Everything that I complained about the last Minx book I read is remedied in this beautiful book.
First of all, every cliché in this book is shattered almost before it hits your eyes. Even the evil popular girl is a fully realized human character. And her humanity reflects well upon her father who is the book's closest thing to cardboard.
Then the story, although at times it almost tastes like a typical teen empowerment tale, never succumbs to the temptations of lameness. From the first page, we are somewhere new and real and striking.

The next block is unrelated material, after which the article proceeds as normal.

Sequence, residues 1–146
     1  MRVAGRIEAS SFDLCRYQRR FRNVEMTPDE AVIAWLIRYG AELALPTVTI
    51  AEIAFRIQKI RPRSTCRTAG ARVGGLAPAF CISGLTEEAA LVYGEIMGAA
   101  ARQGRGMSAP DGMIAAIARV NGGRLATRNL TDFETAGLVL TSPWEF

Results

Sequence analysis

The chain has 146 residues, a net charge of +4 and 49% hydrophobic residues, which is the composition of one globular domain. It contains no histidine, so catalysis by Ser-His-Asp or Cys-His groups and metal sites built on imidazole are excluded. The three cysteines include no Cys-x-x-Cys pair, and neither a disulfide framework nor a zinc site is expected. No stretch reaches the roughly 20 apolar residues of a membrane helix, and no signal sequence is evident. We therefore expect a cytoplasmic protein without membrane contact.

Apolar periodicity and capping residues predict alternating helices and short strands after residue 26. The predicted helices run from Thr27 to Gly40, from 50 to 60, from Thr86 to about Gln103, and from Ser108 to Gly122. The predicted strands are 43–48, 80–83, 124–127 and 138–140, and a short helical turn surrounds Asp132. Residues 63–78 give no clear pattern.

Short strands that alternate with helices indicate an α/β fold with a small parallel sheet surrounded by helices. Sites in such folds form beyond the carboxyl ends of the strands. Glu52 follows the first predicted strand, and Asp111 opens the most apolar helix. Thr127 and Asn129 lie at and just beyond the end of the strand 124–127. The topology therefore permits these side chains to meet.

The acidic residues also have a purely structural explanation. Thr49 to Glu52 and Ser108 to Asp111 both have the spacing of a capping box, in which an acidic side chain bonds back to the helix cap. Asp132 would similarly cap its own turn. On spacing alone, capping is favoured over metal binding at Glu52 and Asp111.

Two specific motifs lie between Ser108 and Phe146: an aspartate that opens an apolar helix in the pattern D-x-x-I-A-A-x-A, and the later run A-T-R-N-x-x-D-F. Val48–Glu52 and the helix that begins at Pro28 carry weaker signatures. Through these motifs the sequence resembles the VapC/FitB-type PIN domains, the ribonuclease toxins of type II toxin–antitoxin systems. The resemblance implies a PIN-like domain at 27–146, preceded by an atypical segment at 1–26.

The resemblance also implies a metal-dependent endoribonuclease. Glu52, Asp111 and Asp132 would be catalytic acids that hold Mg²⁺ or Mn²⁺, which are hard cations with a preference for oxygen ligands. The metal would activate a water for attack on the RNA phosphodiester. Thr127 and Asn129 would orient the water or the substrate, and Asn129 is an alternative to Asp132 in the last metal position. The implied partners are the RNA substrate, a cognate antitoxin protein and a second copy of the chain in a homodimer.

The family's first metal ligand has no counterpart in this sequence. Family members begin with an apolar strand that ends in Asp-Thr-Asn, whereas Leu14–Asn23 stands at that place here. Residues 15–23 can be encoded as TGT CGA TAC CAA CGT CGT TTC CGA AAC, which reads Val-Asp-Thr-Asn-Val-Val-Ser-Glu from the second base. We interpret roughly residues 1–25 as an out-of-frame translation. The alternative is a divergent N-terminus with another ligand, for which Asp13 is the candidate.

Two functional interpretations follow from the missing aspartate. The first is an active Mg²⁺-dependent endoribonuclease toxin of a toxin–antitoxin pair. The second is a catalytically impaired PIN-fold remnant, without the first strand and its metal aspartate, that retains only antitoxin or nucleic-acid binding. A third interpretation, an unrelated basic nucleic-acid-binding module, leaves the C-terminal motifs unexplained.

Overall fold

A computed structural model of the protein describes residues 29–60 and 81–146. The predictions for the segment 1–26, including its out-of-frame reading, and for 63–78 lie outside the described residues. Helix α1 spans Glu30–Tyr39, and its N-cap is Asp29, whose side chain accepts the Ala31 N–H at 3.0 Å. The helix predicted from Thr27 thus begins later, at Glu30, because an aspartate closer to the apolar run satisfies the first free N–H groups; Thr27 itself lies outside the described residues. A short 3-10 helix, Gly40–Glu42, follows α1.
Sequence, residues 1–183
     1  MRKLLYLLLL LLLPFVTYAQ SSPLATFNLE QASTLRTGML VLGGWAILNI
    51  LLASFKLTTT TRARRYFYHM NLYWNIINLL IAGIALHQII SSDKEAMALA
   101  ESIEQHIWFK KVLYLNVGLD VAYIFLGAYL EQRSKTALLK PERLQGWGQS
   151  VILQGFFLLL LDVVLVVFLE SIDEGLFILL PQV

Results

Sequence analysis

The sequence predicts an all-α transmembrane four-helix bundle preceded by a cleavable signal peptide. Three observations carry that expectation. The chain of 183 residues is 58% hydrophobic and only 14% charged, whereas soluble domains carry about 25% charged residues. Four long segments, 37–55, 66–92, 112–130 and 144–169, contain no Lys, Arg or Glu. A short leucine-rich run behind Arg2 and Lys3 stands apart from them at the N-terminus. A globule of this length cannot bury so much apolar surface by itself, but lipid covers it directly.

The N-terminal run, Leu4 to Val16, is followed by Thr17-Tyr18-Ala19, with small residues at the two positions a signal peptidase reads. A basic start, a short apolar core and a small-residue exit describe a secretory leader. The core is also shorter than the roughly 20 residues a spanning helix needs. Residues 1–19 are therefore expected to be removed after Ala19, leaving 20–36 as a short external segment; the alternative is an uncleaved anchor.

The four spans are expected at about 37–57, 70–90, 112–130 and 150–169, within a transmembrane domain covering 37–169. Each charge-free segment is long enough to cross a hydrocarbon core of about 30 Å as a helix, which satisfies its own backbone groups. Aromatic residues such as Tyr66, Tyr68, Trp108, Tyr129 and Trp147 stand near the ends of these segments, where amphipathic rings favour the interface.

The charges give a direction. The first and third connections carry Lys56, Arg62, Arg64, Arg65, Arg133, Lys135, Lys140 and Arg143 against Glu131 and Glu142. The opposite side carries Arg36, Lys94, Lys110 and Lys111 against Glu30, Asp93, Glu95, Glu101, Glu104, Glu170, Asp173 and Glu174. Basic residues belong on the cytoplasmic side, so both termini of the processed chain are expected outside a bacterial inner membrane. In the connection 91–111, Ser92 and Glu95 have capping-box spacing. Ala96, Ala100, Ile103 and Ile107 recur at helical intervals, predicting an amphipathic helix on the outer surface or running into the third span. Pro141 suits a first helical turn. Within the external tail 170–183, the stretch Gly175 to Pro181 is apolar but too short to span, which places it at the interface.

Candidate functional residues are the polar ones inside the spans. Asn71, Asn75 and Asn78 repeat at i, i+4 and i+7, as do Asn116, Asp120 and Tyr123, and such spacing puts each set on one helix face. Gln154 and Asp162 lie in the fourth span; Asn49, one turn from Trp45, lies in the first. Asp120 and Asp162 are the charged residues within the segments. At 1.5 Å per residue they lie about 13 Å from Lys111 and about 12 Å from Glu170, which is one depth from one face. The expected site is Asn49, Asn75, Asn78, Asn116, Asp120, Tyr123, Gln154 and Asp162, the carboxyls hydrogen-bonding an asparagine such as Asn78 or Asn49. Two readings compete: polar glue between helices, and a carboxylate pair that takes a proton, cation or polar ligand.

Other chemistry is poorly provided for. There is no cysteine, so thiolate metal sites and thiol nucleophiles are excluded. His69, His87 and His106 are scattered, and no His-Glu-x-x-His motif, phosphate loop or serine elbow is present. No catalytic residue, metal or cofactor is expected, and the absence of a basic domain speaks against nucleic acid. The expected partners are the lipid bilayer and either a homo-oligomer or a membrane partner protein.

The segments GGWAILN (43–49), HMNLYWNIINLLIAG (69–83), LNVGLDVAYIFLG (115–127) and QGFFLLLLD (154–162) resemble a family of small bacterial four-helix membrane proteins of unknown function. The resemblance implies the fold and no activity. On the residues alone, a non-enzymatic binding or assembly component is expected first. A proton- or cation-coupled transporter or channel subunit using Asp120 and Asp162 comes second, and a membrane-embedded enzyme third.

Page one: a bomb goes off.
Page fifteen: a girl rejects popularity for the weird crowd.
Page twenty-three: boy in coma.
Page seventeen: math.
And meanwhile, the art is dropping hints so subtly you don't realize you've caught them until they matter.
So kudos to Jim Rugg whose art this is (and forgive me, but the protagonist's face is the loveliest bit of ink I've seen in some time), and kudos to Cecil Castellucci whose words are the genesis of this terrific terrific book. This gives me great hope for the Minx imprint. Also: want to read the sequel.
(DC: contact me here)